In May 2001, Chandra Levy, a 24-year-old intern with the Federal Bureau of Prisons in Washington, D.C., went missing. Her remains were found a year later in a park close to her apartment. During the investigation into her disappearance, it was discovered she was having an affair with married California congressman, Gary Condit.
Prosecutor Marcia Clark of ‘Marcia Clark Investigates the First 48’ spoke with A&E Real Crime about the negative affects the media had on the investigation into what really happened to Chandra Levy.
What did you think about the media’s role in the Chandra Levy case? Did you think they helped or hurt the investigation?
I think they hurt it. They were so excited about the possibility that a congressman had potentially killed his mistress that the coverage was very tabloidesque and based on very little evidence.
In fact, when I really got to dig a little deeper, I saw there was really no basis for suspecting [congressman] Gary Condit at all. The fascination and constant obsession with him really skewed the coverage, unfairly so, and it also sent the police in a lot of weird directions that they shouldn’t have been bothered with. And [they] ignored the key evidence that pointed to someone else. I’m not even sure who that someone else necessarily is, although I have my own theory about that.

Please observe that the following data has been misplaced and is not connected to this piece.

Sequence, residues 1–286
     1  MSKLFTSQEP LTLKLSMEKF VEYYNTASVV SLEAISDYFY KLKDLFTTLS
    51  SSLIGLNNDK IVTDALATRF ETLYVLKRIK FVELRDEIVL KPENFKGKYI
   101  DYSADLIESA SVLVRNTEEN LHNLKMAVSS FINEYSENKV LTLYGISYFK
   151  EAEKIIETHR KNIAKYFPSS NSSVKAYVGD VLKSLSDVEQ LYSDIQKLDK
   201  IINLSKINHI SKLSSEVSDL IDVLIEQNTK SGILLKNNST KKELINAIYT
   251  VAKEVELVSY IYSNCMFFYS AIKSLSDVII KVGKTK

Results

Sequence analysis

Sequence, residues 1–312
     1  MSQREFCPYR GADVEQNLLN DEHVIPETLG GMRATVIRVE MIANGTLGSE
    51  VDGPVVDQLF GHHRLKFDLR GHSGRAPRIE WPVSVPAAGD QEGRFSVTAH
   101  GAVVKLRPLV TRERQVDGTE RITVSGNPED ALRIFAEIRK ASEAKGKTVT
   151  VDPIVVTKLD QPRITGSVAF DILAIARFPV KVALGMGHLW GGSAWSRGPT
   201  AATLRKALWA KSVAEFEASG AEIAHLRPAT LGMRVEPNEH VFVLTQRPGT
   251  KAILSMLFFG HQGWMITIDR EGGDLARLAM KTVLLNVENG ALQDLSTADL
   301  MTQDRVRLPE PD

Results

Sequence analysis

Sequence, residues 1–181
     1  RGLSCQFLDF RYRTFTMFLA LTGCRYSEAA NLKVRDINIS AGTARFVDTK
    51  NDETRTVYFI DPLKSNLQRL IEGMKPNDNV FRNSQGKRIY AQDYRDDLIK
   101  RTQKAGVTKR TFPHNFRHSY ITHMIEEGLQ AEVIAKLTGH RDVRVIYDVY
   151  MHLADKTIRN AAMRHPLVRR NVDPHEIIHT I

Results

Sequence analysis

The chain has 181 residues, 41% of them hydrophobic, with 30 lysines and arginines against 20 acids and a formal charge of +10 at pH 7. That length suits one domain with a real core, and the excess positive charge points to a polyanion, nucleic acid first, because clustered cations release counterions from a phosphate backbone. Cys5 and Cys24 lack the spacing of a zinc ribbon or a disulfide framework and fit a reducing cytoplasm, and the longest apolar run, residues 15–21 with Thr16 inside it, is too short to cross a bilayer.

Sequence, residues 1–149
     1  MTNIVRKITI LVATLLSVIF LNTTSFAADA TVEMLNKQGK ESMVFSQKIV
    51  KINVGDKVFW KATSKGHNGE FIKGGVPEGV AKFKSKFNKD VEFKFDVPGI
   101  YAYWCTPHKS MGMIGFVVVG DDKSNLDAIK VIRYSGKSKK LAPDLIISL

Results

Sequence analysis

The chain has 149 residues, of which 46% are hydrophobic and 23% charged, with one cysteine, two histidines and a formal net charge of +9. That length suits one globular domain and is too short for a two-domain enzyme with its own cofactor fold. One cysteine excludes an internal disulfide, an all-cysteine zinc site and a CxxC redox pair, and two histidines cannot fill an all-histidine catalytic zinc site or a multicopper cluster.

One thing that the evidence…does show is it definitely wasn’t Gary Condit. I think the constant obsession with him [not only] skewed the police efforts but public opinion in a way that was detrimental to uncovering the truth.
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